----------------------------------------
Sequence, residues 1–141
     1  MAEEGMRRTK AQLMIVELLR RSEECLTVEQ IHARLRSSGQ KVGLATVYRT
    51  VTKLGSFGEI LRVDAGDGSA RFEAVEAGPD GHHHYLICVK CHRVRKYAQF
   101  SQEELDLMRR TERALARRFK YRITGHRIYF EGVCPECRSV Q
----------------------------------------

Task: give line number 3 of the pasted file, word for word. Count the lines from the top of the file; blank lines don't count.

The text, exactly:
    51  VTKLGSFGEI LRVDAGDGSA RFEAVEAGPD GHHHYLICVK CHRVRKYAQF